How Food Affects Your Mental Health

Published by Hisia Psychology on

As I study nutrition and see how the food we consume has been changing over time, mental health illnesses come to mind as well. There has been an increase in mental health disorders over the last decade and during this period our food has drastically changed. Some of the questions that come to mind include: Why do some people tend to stress eat? Why do individuals crave fatty and sugary foods like fast foods and ice cream while going through emotional challenges? Is there a relationship between the food we eat and our mental health?

Well, the answer is YES! Mental health disorders such as anxiety, depression and ADHD have in some cases been found to be linked to the person’s diet. For example, a review of 21 studies in 10 different countries showed that a healthy dietary pattern, characterized by a high intake of fruits, vegetables, whole grains, olive oil, fish, low-fat dairy, antioxidants as well as low intakes of animal foods, was associated with a reduced risk of depression. A western-style diet, involving a high intake of red and processed meats, refined grains, sweets, high-fat dairy products, butter and potatoes as well as a low intake of fruits and vegetables, was linked with a significantly increased risk of depression.

The connection between diet and emotions comes from the close relationship between your brain and your gastrointestinal tract, also called “the second brain”.

The connection between diet and emotions comes from the close relationship between your brain and your gastrointestinal tract, also called “the second brain”. Your gastrointestinal (GI) tract is home to billions of bacteria that influence the production of neurotransmitters, chemical substances that constantly carry messages from the gut to the brain, (dopamine and serotonin are two common examples).

Eating healthy food promotes the growth of “good” bacteria which in turn positively affects neurotransmitter production. When neurotransmitter production is in good shape, your brain receives these positive messages loud and clear, and your emotions reflect it. But when production goes awry, so might your mood.

Sugar is considered a major culprit of inflammation plus it feeds ‘bad’ bacteria to the GI tract. It can cause a spike in the “feel good” neurotransmitters like dopamine that isn’t good for you either. The result is a fleeting sugar rush that is followed shortly by a crash that is terrible for your mood.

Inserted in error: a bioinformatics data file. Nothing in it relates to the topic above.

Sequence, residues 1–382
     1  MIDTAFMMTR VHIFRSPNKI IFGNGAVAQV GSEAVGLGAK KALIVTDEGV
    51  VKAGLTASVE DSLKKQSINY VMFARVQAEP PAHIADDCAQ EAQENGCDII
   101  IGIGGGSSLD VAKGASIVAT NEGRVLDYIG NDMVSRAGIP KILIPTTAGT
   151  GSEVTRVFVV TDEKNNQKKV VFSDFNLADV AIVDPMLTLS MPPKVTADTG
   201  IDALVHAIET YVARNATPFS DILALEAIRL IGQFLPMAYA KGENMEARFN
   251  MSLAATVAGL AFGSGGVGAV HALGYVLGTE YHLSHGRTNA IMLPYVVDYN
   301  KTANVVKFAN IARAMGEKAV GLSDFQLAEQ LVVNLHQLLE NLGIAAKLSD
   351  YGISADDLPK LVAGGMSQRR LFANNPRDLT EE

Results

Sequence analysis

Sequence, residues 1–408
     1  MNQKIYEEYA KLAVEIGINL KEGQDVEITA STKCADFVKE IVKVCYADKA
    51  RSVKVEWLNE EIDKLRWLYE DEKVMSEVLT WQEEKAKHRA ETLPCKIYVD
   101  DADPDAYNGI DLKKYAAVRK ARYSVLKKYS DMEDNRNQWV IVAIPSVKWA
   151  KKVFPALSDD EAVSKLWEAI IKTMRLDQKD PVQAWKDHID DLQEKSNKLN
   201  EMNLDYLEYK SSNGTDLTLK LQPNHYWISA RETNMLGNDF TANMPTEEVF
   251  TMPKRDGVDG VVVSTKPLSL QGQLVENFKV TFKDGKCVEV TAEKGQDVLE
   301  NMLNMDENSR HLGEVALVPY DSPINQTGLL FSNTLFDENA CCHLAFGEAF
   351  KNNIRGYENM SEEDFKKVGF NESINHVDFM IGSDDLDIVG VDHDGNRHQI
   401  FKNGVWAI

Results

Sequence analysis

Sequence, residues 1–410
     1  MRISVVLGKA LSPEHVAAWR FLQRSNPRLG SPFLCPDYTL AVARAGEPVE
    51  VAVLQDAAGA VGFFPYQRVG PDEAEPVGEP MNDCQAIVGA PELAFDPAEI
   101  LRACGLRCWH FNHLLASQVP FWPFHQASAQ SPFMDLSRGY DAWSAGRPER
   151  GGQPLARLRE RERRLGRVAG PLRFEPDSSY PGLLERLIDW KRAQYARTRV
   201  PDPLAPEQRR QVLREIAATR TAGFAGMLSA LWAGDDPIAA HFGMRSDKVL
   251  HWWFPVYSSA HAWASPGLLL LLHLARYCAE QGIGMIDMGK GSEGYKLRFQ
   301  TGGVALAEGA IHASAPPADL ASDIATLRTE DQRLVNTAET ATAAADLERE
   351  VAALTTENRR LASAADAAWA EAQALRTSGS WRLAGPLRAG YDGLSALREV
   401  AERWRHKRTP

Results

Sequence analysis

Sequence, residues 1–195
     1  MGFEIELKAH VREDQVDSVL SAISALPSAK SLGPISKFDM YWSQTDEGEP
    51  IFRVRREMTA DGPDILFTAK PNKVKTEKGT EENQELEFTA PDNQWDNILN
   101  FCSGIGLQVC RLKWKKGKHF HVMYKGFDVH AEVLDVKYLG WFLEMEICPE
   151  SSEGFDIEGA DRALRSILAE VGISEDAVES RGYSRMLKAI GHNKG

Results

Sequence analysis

It is good to note that while observational studies can show an association between food and mental health, they cannot prove the cause or effect of the disorder.

How can you change your diet in consideration of your mental health?
  1. Stay hydrated. Hydration can affect your ability to concentrate and mood.
  2. Look after your gut health. Remember it can reflect how you are feeling. Good food for your gut includes fruits and vegetables.
  3. Avoid caffeine if it does affect your mood, making you anxious and irritable too.
  4. Less processed foods. Include more whole grains, fruits and vegetables as they include minerals and vitamins needed by your body and brain to stay well.
  5. Eat regularly to ensure that your blood sugar levels do not go down which might make you feel tired and bad-tempered. Don’t forget to check your portions.
  6. Share meals. There are many psychological and social benefits of sharing meals with other people as they give you a sense of belonging and feel connected to others.

Written by Terry Njambi

About Terry

Terry is a nutritionist by passion, focusing on changing peoples lifestyle to eat healthy. She helps individuals to change their diet to eat cleaner for general health and mental wellbeing. Being a mom, she helps fellow moms with their child’s nutrition and curbing obesity in children.

To get in touch with Terry, kindly Call / WhatsApp +254 745 562 108 or leave a message below.